I’ve started going carefully through the excellent Cambridge Companion to the Stoics edited by Brad Inwood. The first chapter deals with the early to middle Stoa, and it’s a nice introduction to the historical and philosophical background of Stoicism. Here are some tidbits to wet your appetite:
“Polemo, the head of the Platonic Academy, and the Megaric philosopher Stilpo, both of them known above all for their ethical stances, were among Zeno’s other teachers, and both will have helped him develop his own distinctive ethical orientation.
There is, in fact, evidence that the Stoics themselves were happy to be classed generically as ‘Socratics’. And with good reason: their ethical system, characterised by its intellectualist identification of goodness with wisdom and the consequent elimination of non-moral ‘goods’ as indifferent , was thoroughly Socratic in inspiration.
Consider, for instance, the controversy between (once again) Cleanthes and Chrysippus about whether Zeno’s definitions of each virtue as wisdom regarding a certain area of conduct made all the virtues identical with one and the same state of mind, wisdom – as Cleanthes held – or left each – in line with Chrysippus’ doctrine – as a distinct branch of wisdom.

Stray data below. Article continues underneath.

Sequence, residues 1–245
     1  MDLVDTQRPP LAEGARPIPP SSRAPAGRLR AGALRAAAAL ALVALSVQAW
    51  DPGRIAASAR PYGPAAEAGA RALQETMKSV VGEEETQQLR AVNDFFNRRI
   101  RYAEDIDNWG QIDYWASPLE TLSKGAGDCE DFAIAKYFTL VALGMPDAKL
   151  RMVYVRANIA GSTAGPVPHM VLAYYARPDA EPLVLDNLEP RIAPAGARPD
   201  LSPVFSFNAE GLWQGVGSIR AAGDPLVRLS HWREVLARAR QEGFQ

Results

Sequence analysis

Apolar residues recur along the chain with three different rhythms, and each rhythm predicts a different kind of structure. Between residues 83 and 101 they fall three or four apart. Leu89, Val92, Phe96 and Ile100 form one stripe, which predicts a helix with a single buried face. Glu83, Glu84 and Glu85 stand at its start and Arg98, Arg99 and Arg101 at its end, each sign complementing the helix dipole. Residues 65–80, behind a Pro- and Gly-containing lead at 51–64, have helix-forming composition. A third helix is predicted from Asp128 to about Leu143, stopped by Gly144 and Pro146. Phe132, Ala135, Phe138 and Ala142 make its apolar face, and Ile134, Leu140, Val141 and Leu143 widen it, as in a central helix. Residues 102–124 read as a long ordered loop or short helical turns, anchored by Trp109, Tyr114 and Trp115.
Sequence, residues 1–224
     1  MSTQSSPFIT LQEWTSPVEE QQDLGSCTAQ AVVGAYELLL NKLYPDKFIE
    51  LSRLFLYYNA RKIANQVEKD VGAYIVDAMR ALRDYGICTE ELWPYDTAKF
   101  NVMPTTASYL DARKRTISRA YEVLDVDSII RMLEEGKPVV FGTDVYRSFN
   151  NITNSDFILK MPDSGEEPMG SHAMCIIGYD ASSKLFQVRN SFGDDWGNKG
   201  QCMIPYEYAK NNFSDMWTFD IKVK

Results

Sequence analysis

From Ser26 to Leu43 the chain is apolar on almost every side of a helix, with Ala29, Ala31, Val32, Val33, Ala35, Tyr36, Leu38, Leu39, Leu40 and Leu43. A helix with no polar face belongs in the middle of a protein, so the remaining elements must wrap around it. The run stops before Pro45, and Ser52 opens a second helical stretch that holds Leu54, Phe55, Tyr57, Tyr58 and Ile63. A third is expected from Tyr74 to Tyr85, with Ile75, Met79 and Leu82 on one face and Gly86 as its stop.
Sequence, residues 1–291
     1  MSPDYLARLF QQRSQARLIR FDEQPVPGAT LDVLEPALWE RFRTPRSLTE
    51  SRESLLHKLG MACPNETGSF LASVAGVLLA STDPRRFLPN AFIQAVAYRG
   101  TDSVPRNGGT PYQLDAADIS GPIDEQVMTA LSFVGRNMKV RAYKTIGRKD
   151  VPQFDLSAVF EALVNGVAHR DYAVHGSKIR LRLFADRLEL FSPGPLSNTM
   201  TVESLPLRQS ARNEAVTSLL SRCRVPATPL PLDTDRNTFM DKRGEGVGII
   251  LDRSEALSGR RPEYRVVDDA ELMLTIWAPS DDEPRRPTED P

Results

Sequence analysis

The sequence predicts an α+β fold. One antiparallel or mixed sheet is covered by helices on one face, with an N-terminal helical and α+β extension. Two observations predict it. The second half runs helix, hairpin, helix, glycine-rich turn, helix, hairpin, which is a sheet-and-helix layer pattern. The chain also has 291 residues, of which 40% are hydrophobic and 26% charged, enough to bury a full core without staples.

In 155, the current heads of the Stoa (i.e., Diogenes of Babylon), the Academy, and the Peripatos were chosen as ambassadors to represent Athens in negotiations at Rome, pleading for remission of a fine imposed on the city for the sack of Oropus. The occasion was of especial historical importance because of the packed lectures that the philosophers gave while in Rome, causing shock waves among the Roman establishment, but doing more than any other single event to ignite at Rome a fascination with philosophy which was to remain undiminished for the remainder of antiquity and to have special importance for the future fortunes of Stoicism.
A vital watershed in philosophical history are the years 88– 86 B.C., when first a Peripatetic philosopher, Athenion, and then an Epicurean, Aristion, briefly gained absolute power at Athens, both siding with Mithridates against the Romans. Ironically, given the role played by philosophers , these were also the events – a product of the protracted Mithridatic War (89– 84) – that finally destroyed Athens’ standing as the centre of the philosophical world. It was during Athenion’s brief reign as tyrant that Athens suffered a crippling siege by Sulla’s army, at the end of which the city was sacked.”